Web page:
Last Updated Sep 8, 2016 8:42 PM EDT
An Atlas 5 rocket thundered into space Thursday, launching a sophisticated robot on a, the first step in a billion-dollar mission to study a remnant of the solar system’s birth, to collect a sample that may include the organic building blocks of life and return it to Earth for analysis.
“This was superb to watch,” NASA Administrator Charles Bolden told the launch team. “I just want to thank everybody, the whole team, for what you have done and what you’ve started. We’ve got a long time ahead of us, but I plan to be in a rocking chair seven years from now and watch the (sample) capsule as it comes back and lands up in Utah. Again, I cannot thank you enough.”
Putting on a spectacular sunset sky show, the Atlas 5’s Russian-built RD-180 first stage engine, augmented by a single solid-fuel strap-on booster, ignited with a torrent of flame at 7:05 p.m. EDT (GMT-4), quickly pushing the rocket away from complex 41 at the Cape Canaveral Air Force Station.
The launching came just one week after aon its launch pad just 1.5 miles away, destroying the booster and its $195 million satellite payload in a spectacular conflagration. So far, SpaceX has provided no details on what might have gone wrong or how much damage was done to the launch pad.
Tim Dunn, NASA launch manager for, said a detailed walkdown of the Atlas launch pad area found no debris or any other indication of an “elevated risk” and the rocket was cleared for flight.
Arcing away to the east through a generally clear sky, the Atlas 5 quickly accelerated as it consumed its load of first-stage propellants, powering its way out of the dense lower atmosphere and putting on a thrilling show for thousands of NASA guests, area residents and tourists along Florida’s Space Coast.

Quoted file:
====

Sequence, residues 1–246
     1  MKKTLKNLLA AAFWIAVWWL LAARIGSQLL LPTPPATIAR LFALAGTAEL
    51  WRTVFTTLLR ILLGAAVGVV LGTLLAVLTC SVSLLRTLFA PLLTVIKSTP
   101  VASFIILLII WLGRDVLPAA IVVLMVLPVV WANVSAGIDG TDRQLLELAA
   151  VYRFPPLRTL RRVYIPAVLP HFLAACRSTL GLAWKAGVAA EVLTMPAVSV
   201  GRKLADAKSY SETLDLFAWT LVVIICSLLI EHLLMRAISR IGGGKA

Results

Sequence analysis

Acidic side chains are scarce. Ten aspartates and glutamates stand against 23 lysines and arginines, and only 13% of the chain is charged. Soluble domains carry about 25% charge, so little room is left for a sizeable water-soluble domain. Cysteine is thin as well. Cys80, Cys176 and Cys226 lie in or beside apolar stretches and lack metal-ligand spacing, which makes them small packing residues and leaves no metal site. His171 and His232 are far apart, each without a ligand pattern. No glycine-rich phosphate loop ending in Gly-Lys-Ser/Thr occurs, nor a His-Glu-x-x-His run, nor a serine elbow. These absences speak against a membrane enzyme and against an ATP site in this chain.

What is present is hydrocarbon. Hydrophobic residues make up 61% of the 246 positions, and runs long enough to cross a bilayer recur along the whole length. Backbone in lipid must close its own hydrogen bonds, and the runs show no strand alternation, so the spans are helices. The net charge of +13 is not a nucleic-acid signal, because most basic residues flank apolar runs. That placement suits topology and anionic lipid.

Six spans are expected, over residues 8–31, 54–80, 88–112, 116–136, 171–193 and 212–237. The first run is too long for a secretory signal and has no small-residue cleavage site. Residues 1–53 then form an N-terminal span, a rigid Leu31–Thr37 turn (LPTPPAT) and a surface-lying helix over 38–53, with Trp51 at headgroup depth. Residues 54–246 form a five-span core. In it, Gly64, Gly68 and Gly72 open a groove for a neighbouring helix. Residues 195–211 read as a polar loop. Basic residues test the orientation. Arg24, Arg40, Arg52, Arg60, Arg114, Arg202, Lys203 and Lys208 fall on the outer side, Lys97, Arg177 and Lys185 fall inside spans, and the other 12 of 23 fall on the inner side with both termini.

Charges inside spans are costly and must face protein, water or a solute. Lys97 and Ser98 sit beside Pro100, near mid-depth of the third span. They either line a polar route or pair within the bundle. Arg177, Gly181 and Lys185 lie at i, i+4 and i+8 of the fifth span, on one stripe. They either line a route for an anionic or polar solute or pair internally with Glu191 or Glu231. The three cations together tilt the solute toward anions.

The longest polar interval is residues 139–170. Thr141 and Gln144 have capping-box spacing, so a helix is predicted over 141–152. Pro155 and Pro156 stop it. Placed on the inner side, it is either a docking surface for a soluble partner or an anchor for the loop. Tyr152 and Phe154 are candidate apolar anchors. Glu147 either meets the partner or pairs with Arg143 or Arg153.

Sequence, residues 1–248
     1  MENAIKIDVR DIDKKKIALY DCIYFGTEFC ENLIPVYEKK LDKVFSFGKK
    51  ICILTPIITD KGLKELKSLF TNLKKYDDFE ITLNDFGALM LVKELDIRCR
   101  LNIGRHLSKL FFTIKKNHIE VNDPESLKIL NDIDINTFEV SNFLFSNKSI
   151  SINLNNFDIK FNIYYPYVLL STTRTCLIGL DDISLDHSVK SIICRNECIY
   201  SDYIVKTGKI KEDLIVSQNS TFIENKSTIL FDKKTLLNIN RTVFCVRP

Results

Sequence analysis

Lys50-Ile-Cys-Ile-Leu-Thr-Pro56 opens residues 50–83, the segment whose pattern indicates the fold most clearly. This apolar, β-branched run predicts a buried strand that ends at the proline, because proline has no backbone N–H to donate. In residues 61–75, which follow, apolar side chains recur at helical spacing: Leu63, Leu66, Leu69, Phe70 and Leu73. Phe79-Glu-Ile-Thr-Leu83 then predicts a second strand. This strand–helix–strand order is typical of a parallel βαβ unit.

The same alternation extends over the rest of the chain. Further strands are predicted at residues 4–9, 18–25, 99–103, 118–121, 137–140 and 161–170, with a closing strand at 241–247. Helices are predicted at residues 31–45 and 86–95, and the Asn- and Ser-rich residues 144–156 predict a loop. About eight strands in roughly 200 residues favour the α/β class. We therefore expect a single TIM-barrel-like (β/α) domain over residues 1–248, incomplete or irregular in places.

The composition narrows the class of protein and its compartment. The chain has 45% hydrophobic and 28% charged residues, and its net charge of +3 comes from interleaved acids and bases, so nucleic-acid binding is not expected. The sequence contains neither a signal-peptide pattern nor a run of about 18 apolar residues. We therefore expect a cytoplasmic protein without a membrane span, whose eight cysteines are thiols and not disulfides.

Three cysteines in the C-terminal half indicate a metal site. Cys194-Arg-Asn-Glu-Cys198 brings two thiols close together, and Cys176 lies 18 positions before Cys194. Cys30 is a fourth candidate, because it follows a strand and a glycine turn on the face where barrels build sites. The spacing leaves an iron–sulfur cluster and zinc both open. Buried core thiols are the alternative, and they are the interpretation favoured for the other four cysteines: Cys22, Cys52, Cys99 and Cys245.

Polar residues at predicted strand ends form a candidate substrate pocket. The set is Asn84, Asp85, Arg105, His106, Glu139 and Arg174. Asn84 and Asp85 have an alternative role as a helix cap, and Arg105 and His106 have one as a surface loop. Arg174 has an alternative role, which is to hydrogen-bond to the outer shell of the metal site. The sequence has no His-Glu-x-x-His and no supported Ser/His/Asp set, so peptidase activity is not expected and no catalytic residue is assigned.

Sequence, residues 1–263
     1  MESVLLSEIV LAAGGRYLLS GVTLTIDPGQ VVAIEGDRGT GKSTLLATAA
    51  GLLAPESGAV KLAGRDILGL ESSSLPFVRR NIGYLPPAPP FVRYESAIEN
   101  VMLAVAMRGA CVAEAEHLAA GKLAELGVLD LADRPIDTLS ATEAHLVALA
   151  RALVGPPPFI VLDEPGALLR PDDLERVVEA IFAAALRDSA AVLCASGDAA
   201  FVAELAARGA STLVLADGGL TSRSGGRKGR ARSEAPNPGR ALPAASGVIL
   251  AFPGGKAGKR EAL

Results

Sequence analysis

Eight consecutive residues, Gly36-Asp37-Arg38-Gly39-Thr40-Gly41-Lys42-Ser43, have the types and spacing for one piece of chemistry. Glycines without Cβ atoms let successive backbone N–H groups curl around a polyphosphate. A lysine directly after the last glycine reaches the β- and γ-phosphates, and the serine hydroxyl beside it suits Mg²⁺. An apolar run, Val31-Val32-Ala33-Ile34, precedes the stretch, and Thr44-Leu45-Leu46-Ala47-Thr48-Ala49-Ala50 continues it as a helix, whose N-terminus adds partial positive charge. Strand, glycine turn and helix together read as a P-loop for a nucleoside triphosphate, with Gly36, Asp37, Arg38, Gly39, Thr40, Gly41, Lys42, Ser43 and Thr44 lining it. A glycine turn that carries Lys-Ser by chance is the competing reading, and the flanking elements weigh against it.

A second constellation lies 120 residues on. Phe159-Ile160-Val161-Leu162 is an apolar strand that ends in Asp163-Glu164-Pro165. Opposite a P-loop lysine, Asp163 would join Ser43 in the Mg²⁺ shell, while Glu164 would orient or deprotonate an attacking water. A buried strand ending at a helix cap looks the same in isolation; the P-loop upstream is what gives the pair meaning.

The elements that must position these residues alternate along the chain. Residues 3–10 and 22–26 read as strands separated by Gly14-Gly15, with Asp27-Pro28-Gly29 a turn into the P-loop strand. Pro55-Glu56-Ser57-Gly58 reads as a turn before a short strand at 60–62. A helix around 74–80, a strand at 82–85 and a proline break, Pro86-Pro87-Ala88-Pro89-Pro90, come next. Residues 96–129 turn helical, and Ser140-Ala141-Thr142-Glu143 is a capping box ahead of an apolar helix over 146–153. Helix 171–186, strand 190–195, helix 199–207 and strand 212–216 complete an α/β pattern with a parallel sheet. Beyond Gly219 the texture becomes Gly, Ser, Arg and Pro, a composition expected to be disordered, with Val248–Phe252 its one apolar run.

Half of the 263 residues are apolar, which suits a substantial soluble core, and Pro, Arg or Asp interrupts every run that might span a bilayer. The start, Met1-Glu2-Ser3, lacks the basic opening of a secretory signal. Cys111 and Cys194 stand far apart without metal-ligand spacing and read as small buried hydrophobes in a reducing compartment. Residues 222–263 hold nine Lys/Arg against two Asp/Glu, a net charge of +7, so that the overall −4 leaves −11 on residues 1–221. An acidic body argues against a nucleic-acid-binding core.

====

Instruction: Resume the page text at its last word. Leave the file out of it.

A bit more than four minutes later, the first stage fell away and the rocket’s hydrogen-fueled Centaur second stage took over with the first of two firings to boost the OSIRIS-REx spacecraft to an Earth-departure velocity of 14 miles per second.
At that point, about 59 minutes after takeoff, OSIRIS-REx was released from the second stage to fly on its own. Four minutes later, its two solar panels unfolded to begin battery charging and a few minutes after that, the spacecraft began sending telemetry down to a ground station in Canberra, Australia.
“This is a great day,” said Geoffrey Yoder, NASA’s acting science chief. “The solar arrays are deployed, it’s powered up, we’re communicating with the spacecraft and so far, everything’s looking great.”
OSIRIS-REx is NASA’s first attempt to send a spacecraft to a nearby, potentially hazardous asteroid in an attempt to collect a sample and return it to Earth.
In an astronomical high five of sorts, the spacecraft’s 10-foot-long robot arm will reach out and briefly touch asteroid Bennu in 2020, two years after arrival, using a jet of nitrogen gas to stir up surface material and direct it through a filter, capturing up to 4.4 pounds of ancient soil.
If all goes well, that precious sample will be returned to Earth in September 2023, the largest return of extraterrestrial material since the Apollo moon program. One quarter of the sample will be studied by U.S., Canadian and Japanese collaborators while the rest will be stored for future analysis.
“Sample return is really at the forefront of planetary exploration,” said Dante Lauretta, the principal investigator. “Not only are we going to get this material into our laboratories for precise chemical analyses that can’t be duplicated by spacecraft instruments, but this is going to be a treasure trove of information and material for scientists yet to come.”
OSIRIS-REx was launched into the plane of Earth’s orbit around the sun. To reach Bennu, which orbits in a plane tilted 6 degrees from Earth’s, OSIRIS-REx must first travel all the way around the sun and then make a gravity-assist flyby of Earth on Sept. 22, 2017, passing within about 12,400 miles. In so doing, it can use Earth’s gravity to gain the energy needed to change the plane of its orbit.